I don’t usually watch previews for upcoming episodes, but I watched them for next week. I’ll just say, I think next week looks like a great episode. For now, let’s […]
I don’t usually watch previews for upcoming episodes, but I watched them for next week. I’ll just say, I think next week looks like a great episode. For now, let’s talk about What’s Wrong with Norman.
This week’s entry is going to be brief because I’m feeling a bit sick. “What’s Wrong with Norman” advanced the story well. Norman passed out in class and doesn’t remember going after Dylan with the meat tenderizer. Meanwhile Dylan bonded with his new coworker and now Emma and Bradley both want Norman’s D.
It was a good episode. Norman struggling to understand himself was great. I think it’s going to make for some good TV in the weeks to come. If Norman is ready seeing visions of his mother, it makes me wonder if the writers are going to kill her off sooner than expected, like a few seasons from now.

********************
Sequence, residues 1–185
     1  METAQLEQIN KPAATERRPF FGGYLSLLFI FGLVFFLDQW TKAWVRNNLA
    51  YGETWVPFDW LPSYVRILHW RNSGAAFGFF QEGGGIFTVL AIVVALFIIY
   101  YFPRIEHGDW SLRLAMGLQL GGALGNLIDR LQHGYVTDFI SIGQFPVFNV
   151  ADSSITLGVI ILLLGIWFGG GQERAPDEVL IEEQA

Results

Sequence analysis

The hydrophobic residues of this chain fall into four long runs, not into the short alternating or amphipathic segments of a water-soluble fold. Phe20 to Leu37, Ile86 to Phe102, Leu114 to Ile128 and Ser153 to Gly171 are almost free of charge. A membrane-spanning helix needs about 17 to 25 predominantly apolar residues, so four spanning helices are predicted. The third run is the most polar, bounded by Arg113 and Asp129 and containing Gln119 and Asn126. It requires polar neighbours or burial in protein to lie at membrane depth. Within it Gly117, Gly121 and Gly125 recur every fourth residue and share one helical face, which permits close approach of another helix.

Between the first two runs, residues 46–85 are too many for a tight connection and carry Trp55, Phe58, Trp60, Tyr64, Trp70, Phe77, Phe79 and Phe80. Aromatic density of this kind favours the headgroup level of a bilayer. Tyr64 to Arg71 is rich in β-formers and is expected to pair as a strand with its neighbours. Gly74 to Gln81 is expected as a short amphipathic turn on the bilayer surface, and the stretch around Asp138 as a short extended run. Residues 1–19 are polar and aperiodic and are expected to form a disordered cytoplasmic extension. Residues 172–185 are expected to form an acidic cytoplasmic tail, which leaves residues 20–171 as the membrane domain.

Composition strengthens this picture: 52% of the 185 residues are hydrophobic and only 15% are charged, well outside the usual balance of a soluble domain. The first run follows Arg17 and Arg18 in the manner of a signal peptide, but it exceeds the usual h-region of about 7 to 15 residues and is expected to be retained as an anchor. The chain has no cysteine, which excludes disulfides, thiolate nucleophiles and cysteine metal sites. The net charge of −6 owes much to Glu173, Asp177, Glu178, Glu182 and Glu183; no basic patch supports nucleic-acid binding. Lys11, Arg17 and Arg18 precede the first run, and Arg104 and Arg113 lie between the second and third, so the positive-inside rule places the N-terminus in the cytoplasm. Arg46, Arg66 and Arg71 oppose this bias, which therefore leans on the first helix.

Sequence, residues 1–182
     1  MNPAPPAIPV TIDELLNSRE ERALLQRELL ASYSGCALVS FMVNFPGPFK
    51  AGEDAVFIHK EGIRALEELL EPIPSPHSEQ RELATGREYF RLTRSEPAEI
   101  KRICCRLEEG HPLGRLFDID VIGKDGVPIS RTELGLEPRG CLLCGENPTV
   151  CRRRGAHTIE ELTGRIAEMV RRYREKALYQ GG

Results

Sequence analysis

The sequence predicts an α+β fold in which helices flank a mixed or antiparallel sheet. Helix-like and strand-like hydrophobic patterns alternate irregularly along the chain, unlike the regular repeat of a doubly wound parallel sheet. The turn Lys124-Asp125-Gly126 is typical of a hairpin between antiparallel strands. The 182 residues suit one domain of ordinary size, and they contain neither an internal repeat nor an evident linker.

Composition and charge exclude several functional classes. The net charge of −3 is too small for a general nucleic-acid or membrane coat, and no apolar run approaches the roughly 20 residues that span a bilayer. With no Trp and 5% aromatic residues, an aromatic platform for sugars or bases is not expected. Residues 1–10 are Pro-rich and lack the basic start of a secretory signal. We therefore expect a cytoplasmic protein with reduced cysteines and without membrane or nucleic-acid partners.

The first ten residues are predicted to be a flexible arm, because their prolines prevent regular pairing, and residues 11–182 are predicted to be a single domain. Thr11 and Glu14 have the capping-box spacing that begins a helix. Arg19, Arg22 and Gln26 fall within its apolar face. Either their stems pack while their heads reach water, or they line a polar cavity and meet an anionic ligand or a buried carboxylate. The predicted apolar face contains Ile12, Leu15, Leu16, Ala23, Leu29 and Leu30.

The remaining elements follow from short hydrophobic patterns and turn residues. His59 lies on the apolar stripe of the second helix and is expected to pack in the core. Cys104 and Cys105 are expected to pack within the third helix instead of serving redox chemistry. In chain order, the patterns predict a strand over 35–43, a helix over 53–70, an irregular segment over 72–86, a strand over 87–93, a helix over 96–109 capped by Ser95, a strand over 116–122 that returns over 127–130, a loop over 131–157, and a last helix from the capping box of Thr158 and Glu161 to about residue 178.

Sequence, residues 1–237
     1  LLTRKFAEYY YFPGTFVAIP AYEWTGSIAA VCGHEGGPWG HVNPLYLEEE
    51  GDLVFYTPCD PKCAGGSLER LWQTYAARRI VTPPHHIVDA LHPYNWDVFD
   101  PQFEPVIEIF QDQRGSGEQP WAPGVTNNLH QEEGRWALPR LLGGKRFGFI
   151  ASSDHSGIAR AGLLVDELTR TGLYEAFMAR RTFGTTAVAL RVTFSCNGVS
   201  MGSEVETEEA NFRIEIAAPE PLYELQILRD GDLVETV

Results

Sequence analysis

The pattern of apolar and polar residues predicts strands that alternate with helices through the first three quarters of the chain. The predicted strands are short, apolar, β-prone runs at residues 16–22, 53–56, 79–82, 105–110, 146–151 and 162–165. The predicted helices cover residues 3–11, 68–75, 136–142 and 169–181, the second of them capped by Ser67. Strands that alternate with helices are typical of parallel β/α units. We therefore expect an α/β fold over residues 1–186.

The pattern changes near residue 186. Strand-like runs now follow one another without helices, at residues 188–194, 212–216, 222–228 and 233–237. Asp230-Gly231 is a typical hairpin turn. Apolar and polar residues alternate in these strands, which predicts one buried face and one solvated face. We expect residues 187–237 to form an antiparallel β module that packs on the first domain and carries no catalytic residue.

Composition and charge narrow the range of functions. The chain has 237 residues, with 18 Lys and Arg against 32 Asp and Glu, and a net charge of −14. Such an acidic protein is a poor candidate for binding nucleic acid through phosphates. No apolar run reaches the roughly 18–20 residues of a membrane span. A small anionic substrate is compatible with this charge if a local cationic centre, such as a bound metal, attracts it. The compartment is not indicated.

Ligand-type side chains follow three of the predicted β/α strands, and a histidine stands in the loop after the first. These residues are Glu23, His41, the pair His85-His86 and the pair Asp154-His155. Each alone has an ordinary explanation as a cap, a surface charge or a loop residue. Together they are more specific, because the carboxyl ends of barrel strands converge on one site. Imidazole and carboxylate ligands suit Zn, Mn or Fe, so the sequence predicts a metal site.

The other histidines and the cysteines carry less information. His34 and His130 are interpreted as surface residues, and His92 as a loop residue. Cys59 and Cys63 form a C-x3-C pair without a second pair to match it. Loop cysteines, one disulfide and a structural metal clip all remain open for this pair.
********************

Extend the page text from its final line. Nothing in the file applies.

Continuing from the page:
It would be interesting to see the eventual final season of the show take place after Norma’s death with visions of Norma guiding Norman on a season long murder spree culminating in a young woman named Marion Crane arriving at the motel.
Dylan and the pot fields don’t interest me that much. Between the pot industry running the town and the human trafficking, I’m obviously more interested in the human trafficking.
Speaking of which, it’s good to see such a quick return on the mystery introduced at the end of the pilot episode. Although, who’s to say the woman in Shelby’s creepy basement isn’t a figment of Norman’s imagination? I guess we’ll find out next week.
Here are a couple other things about the episode that sprung to mind:
1. Freddie Highmore’s acting in the scene where he noticed the belt is gone bothered me. It seemed like he was trying just a little bit too hard. I noticed it in the opening scene of the pilot when he goes to Norma in the bathroom.
2. Emma using Yahoo Answers made me picture her asking “how is letters formed?”
3. I really like Dylan being the abrasive voice of reason when he comments on Norman and Norma’s bizarre relationship.
Previous Episode Reviews: